Riding the tiger

"He who rides a tiger is afraid to dismount," a Chinese proverb cautions the unwary. That's where the Democrats, flailing in a search for a way out of the wilderness, find themselves in their warm embrace of Trump Derangement Syndrome.

GOP, speak up on costs

The Republican Party is failing to articulate key facts, primarily financial, affecting proposed and operative major legislation. This is akin to a bank failing to inform a customer that a credit card has been maxed out.

FILE -- In this Jan. 16, 2017 file photo, Richard Ratcliffe, husband of imprisoned charity worker Nazanin Zaghari-Ratcliffe, poses for the media during an Amnesty International led vigil outside the Iranian Embassy in London. The family of Zaghari-Ratcliffe who was detained in Iran while on a trip with her toddler daughter says all efforts to appeal her five-year prison sentence in court have failed. Ratcliffe, who works for the Thomson Reuters Foundation, the charitable arm of the news agency, found out this weekend that her appeal to Iran's supreme court failed. (AP Photo/Alastair Grant, File)

Addicted to uranium

When gentlemen compete, they honor the rules of the game and accept the referee's calls. But no one would mistake the rulers of the Islamic Republic of Iran for gentlemen, and their gamesmanship in pursuing nuclear weapons is deadly serious. As the mullahs make a bid for more uranium, They have been called out for cheating. The United States is obliged to withhold approval of a new supply of the radioactive material until the regime can prove it's not up to mischief. Anything else is simply tomfoolery.

No freedom on liberal campuses

"Wellesley students advocate hostility on campuses to silence conservative 'hate speech'" (Web, April 20) exposes the eerily Orwellian nature of the events unfolding in our institutions of "higher learning." At Wellesley College, the case is being made for using force and violence to stifle the free speech of those who "refuse to adapt their beliefs." In February, students rioted and set fires at the University of California, Berkeley, to prevent an appearance by conservative personality Milo Yiannopoulos.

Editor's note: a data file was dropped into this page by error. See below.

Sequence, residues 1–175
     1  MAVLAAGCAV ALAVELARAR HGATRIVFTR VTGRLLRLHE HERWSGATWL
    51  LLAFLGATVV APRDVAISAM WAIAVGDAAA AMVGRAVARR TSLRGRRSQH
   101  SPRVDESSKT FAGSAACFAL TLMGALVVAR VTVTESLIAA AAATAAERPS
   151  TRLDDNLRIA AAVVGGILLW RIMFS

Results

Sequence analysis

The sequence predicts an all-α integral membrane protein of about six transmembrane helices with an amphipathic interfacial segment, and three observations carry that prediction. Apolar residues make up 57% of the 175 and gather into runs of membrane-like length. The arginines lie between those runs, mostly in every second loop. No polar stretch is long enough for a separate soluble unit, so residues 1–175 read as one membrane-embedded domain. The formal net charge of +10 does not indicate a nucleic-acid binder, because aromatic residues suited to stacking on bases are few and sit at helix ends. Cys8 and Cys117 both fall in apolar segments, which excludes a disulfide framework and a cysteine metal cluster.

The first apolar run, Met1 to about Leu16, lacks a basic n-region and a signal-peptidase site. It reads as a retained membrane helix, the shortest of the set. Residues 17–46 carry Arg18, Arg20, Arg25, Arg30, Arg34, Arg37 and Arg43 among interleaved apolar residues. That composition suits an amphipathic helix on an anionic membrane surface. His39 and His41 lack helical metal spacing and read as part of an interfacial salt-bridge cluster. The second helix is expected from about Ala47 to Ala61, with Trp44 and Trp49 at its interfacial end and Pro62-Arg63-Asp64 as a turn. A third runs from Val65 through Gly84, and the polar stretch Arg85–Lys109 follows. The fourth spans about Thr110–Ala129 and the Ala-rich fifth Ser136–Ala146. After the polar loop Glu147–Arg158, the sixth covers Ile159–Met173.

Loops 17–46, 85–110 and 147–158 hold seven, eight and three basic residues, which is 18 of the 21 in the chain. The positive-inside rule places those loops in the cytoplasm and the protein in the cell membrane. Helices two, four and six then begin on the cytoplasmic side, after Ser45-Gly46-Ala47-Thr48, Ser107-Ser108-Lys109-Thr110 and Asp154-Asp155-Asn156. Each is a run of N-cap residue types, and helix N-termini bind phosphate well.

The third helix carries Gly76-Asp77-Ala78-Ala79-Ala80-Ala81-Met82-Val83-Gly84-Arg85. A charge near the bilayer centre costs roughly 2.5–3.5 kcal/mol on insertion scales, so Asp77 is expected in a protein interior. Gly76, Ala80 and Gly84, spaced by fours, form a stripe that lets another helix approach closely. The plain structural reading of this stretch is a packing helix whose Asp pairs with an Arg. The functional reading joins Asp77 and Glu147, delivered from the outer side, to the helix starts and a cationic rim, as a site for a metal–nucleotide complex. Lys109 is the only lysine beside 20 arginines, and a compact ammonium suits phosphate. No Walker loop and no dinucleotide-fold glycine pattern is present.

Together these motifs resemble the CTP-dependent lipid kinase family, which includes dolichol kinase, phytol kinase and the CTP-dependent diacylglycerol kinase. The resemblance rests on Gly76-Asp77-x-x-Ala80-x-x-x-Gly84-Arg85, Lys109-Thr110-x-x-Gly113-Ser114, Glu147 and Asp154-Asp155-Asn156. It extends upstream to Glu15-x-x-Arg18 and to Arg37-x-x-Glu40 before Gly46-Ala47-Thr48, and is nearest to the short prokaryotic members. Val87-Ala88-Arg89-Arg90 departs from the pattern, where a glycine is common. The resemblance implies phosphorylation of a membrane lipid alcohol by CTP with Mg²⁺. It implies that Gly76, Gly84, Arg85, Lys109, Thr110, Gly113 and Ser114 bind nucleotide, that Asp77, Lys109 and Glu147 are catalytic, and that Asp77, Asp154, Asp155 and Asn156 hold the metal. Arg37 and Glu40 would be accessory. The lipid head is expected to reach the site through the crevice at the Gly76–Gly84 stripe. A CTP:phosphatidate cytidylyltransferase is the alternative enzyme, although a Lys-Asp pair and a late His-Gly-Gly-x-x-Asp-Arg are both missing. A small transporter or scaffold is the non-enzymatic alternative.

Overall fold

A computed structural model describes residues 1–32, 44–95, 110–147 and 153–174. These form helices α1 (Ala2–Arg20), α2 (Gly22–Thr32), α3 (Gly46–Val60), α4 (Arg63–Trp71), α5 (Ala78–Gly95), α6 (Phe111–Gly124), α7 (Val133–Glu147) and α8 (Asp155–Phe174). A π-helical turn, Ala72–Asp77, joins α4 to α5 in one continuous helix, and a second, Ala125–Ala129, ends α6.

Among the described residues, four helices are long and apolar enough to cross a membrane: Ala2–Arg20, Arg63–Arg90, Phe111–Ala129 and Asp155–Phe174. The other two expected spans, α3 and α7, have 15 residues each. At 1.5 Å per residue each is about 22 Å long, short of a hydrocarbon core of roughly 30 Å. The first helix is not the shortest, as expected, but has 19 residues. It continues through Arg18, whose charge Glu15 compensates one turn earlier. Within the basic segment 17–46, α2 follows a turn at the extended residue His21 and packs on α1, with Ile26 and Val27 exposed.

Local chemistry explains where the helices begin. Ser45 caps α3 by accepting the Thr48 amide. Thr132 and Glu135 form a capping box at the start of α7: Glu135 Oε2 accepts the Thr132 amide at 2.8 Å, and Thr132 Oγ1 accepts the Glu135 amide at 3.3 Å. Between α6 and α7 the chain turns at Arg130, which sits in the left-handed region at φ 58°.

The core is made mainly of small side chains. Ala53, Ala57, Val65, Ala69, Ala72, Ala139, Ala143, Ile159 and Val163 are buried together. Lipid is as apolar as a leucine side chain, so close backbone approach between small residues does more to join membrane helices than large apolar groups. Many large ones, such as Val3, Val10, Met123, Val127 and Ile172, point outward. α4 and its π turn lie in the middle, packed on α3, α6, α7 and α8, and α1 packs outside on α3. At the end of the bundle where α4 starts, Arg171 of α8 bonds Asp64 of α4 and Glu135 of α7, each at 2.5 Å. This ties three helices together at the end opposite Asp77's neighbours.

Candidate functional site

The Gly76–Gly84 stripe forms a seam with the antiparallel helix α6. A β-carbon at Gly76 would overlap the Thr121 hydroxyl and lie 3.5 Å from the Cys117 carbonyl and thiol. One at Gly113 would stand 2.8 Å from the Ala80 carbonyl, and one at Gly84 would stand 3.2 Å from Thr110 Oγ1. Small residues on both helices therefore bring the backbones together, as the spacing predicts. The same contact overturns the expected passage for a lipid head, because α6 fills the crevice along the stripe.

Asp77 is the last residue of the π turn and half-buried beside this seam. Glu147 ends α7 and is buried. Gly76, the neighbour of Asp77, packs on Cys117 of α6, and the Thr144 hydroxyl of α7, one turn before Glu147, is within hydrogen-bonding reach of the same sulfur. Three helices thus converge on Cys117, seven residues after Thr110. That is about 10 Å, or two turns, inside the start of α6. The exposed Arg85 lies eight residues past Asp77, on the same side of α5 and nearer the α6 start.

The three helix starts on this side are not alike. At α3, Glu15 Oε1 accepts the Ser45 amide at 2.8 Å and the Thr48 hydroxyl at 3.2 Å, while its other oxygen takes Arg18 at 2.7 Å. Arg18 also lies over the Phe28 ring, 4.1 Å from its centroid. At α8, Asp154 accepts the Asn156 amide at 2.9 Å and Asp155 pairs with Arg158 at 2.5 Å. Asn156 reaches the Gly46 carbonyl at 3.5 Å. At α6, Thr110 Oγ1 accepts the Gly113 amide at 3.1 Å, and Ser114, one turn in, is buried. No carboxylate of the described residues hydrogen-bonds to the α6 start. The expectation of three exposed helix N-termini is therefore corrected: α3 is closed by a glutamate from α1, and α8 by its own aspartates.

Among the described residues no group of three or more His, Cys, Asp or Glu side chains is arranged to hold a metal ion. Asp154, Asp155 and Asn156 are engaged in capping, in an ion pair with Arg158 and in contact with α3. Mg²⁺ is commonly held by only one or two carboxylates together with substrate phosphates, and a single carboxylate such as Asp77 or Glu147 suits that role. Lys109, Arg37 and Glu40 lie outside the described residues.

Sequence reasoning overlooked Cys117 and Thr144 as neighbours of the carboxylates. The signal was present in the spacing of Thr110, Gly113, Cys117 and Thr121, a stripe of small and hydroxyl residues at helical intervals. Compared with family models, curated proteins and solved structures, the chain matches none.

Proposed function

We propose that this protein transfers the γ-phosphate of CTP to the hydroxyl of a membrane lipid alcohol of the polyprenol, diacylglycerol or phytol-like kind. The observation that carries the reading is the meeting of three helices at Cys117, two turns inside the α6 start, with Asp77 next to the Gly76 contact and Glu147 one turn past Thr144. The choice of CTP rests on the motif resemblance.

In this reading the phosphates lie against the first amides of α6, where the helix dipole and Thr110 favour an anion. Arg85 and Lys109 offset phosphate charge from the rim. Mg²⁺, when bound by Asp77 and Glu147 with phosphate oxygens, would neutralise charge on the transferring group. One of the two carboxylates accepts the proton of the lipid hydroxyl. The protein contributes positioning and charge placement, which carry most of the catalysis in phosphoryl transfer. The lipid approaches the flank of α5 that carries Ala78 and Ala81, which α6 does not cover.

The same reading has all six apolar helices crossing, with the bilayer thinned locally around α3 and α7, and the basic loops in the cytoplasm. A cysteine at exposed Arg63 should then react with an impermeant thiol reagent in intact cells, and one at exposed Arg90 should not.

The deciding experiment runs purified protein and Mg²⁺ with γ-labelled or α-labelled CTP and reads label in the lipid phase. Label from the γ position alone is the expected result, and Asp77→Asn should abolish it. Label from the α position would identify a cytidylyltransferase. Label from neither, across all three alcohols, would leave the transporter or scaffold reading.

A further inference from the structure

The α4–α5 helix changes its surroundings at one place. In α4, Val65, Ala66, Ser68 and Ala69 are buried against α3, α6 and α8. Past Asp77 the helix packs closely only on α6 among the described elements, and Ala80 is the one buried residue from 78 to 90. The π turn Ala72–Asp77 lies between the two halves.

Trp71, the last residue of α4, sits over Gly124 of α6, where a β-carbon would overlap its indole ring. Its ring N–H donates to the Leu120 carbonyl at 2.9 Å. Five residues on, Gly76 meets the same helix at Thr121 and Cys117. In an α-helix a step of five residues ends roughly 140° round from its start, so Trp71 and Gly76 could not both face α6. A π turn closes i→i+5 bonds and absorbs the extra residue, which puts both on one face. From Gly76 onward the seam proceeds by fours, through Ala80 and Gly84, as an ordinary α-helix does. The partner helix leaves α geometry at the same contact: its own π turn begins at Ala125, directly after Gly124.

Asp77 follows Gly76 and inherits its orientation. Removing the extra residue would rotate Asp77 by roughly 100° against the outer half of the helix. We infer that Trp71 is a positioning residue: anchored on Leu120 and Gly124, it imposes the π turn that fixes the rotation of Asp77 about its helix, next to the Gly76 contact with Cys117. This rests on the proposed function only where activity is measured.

Every president must have 'his own SOB'

Chris Whipple, a documentary filmmaker and award-winning TV producer, is a talented journalist who has interviewed all 17 living chiefs of staff as well as numerous people who served with them. His prose is clear, crisp and often evocative, and for the most part his observations ring true as he tracks the development of the office.

In this Saturday, Feb. 11, 2017, file photo, U.S. President Donald Trump, right, listens to Japanese Prime Minister Shinzo Abe as they make statements about North Korea at Mar-a-Lago in Palm Beach, Fla. (AP Photo/Susan Walsh, File) ** FILE **

North Korea must be dealt with

- The Washington Times

North Korea, long a thorn in the side of America -- a thorn that sharpened considerably under the "strategic patience"-slash-do-nothing leadership of Barack Obama -- has seized a third American citizen. And the regime must be dealt an aggressive blow.

Constitutional Change in Turkey Illustration by Greg Groesch/The Washington Times

What Turkey's referendum reveals

The outcome of the Turkish vote on constitutional changes, notwithstanding lingering allegations of fraud, represents further evidence of a crumbling global status quo.

Illustration on the true intent of the Muslim Brotherhood by Linas Garsys/The Washington Times

Earning its terrorist designation

In an April 11 Brookings Institution report titled "Is the Muslim Brotherhood a terrorist organization?" senior fellow Shadi Hamid states that the Trump administration's proposed designation of the Muslim Brotherhood as a terrorist group "could have significant consequences for the U.S., the Middle East, and the world."

Illustration on the Trump dollar by Alexander Hunter/The Washington Times

Donald Trump's dollar

President Donald Trump's assertion this week that the "dollar is getting too strong" led to a sharp decline in the value of the greenback.

Catching Illegal Voters Illustration by Greg Groesch/The Washington Times

Protecting the right to vote

A jury of 10 women and two men in Tarrant County, Texas, found Rosa Ortega guilty of voting illegally and sentenced her to eight years in jail.